Many of us remain extremely concerned about the proposed Edgartown Lofts apartments at the already congested Triangle area, for reasons of both safety and sanity. We all know that housing is a serious issue on the Vineyard; many of us have done the frustrating Vineyard shuffle ourselves. And we all (try to) drive through that chaotic intersection, as do our visitors. We need more planning from our planning boards and fewer knee-jerk reactions. We all need to make efforts to maintain and support the quality of life we, residents and visitors alike, love. The Island’s ecologic and economic future depends on it. We have heard the comment, “Oh, it’s just a couple of months that it’s really bad.” I beg to differ. Now that we have successfully sold the shoulder season to our visitors, it’s six months. We’ll lose that six months of goodwill and income if we continue to just play dumb.
From the very beginning, before any public input at all, the Edgartown planning board was singularly supportive of Charles Hajjar’s application and essentially asked the Martha’s Vineyard Commission, in its requisite review, to rubber stamp the application and send it back for the planning board’s final decision. The MVC held two lengthy public meetings and ultimately made several recommendations which ameliorated only a few of the considerable negative impacts upon the area, the town and the Island.
From the very beginning, also, the applicant and his attorney, Sean Murphy, have played a game of bait-and-switch with the public, feigning concern for the community and snowing us with pretty pictures and interminably long and repetitive presentations — which seem to get twisted just a little bit more every time. From the initial proposal to provide year-round stable housing in the year-round workforce on the Island, they quickly changed the description to market-rate rental housing intended for police, teachers, etc. Originally, Mr. Murphy suggested a $1,000 to $1,200 monthly rental figure, which later changed to $1,500 to $1,700 a month, and most recently became “around $2,000 a month.” From the initial proposal to create around 23 additional spaces and improve the parking lot, they now tell us that around 15 spaces will be created, but that no improvement will be made to the already chaotic parking configuration and surface unless the applicant gets his way.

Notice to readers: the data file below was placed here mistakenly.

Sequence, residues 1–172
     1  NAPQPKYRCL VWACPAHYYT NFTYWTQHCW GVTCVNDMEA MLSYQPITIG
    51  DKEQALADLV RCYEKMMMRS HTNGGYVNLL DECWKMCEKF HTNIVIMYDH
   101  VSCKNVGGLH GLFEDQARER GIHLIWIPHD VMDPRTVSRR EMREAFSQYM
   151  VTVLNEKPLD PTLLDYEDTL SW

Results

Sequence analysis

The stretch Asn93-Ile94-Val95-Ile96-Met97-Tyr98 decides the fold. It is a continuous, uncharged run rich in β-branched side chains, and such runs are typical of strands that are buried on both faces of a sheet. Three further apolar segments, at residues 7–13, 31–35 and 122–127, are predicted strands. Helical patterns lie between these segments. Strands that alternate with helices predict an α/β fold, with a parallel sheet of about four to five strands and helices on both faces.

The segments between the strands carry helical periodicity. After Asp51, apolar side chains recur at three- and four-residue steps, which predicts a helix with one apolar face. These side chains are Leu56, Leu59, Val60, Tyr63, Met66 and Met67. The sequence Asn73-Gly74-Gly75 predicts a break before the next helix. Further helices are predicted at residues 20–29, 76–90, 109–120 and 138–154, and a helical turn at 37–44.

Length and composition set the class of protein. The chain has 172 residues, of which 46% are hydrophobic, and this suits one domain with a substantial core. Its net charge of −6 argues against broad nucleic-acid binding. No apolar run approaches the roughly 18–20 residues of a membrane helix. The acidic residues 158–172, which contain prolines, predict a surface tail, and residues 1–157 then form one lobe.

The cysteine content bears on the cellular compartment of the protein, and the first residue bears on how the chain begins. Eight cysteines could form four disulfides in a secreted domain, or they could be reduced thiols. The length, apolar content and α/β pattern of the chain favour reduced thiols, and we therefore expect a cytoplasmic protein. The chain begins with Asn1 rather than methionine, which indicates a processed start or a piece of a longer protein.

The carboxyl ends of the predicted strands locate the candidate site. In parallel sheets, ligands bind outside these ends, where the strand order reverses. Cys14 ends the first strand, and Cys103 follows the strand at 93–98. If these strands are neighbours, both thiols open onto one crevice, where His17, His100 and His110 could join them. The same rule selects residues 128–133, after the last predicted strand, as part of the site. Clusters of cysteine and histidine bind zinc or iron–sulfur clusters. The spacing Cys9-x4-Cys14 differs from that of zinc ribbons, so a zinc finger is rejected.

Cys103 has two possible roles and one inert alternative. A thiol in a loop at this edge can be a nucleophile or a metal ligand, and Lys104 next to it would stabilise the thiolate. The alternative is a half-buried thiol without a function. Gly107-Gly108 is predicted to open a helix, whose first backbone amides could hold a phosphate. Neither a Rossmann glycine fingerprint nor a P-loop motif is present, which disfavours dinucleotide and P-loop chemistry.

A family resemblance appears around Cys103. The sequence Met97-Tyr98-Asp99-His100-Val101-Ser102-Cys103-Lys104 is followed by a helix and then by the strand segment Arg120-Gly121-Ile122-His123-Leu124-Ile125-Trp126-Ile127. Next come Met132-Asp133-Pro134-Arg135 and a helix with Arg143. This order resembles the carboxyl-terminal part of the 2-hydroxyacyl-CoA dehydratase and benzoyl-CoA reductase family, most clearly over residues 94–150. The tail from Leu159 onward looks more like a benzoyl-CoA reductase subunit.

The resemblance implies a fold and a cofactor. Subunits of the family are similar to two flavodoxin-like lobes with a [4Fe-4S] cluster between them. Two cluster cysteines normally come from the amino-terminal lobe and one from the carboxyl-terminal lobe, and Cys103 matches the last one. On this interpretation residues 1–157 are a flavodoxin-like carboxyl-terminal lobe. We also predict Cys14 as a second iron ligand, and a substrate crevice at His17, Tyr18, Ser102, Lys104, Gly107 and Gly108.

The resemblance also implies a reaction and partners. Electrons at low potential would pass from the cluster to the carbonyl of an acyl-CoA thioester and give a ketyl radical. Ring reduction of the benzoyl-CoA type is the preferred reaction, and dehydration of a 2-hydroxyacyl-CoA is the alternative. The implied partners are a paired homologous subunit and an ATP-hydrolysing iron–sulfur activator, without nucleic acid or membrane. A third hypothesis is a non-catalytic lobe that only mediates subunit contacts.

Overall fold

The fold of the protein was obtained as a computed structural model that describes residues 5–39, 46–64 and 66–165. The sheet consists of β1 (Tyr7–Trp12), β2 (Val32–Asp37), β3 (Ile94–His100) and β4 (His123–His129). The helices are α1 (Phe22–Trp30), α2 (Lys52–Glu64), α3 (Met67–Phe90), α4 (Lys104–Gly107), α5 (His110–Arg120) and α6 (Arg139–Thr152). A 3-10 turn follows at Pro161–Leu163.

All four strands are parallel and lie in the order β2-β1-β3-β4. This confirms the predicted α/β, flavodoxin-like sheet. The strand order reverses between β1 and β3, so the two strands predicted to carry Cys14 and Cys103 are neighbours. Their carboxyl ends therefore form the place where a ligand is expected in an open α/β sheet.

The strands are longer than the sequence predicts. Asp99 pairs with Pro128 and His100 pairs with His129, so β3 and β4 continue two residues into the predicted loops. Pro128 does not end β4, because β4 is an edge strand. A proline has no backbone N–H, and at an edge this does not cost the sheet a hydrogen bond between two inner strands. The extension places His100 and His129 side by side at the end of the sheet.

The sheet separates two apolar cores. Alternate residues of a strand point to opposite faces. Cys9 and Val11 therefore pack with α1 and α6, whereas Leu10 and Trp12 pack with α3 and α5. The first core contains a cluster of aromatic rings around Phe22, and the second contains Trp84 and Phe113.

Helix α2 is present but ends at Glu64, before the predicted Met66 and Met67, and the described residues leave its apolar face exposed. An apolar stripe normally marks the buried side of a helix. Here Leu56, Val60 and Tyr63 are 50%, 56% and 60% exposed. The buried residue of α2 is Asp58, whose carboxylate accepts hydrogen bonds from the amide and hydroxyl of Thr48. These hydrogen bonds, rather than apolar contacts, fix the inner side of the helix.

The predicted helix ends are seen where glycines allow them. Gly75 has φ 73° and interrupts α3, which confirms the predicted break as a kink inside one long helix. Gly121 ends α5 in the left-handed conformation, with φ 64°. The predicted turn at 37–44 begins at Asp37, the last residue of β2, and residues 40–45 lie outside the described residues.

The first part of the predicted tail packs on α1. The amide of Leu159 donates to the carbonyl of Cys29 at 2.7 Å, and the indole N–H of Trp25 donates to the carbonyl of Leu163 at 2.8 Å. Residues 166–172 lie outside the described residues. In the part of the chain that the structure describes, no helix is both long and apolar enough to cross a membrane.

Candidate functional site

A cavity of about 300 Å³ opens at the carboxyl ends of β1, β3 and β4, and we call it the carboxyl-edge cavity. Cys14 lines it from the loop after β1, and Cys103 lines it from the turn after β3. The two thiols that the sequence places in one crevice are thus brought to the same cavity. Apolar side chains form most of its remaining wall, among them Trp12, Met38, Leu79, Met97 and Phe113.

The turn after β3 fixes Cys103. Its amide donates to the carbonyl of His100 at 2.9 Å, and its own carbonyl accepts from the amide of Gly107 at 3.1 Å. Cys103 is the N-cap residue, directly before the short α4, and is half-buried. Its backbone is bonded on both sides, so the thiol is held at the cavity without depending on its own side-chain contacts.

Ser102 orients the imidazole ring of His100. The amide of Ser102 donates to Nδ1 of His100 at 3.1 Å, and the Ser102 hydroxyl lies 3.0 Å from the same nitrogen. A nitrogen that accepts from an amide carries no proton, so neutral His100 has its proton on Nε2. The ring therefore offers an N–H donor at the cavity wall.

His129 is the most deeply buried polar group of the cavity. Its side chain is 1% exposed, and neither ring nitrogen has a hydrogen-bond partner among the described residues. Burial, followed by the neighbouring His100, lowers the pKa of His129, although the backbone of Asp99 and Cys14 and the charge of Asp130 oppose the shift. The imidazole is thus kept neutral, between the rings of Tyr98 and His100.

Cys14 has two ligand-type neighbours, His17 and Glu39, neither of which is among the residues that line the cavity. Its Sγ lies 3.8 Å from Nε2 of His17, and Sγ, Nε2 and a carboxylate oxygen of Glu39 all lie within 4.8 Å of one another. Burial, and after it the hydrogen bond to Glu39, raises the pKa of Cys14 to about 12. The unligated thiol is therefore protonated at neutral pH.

Most important, however, the applicant and his attorney initially told the MVC he would carefully manage and not sell the units for 10 years. “This is his business; he’s very good at it,” Mr. Murphy said. However, now that the MVC has remanded the project back to the Edgartown planning board, they’ve changed their tune again. Mr. Hajjar reserves the right to sell all of those units, together, to another entity after just three years. And one of those entities, he says, could be his own.
If the Edgartown planning board approves this application, it must require a covenant running with the land (i.e., forever) — filed in the Dukes County Registry of Deeds before the planning board approval is filed. Otherwise, there is no legal provision for those units to remain reasonable, year-round, for Island workers or even as rentals, for that matter. Any new owner could turn them into condos or co-ops and sell them to individuals for his or her gain. And Mr. Hajjar’s, of course.
The planning board held a public hearing on this and several other matters on June 17. Approximately 45 people waited patiently in the hot and crowded selectmen’s room at the Edgartown town hall for almost two hours before the Edgartown Lofts proposal began. The chairman of the board said there had never been such a crowd at any of its previous meetings. The meeting ran late, speakers were unheard, and letters were unread, so the meeting was adjourned at about 8:30 p.m. to Tuesday evening, July 1. Meanwhile, those in attendance were subjected to the former planning board chairman’s outrageous intimidation, shouting and scolding that “in 33 years, he had never had a problem parking at the post office (72,000 times at six days a week).”
To the Edgartown planning board:
• Please register covenants that run with the land, if you must approve the Edgartown Lofts project.
• Please plan; don’t just pounce. There are several town “tax properties” in far less congested areas that might also be viable for reasonable rental housing for year-round employees.
To our neighbors Islandwide:
• Please write or email additional letters to the planning board (PO Box 1065, Edgartown 02539 or planning firstname.lastname@example.org), specifically requesting covenants that run with the land to protect us from any further deceptive tactics regarding this project.
• Please attend the Tuesday, July 1, planning board meeting at the Edgartown town hall. The meeting begins at 5:30 p.m.
Mr. Hajjar and his attorney may have flimflammed the MVC and the Edgartown planning board, but they can’t flimflam us if we all speak up, and out, together.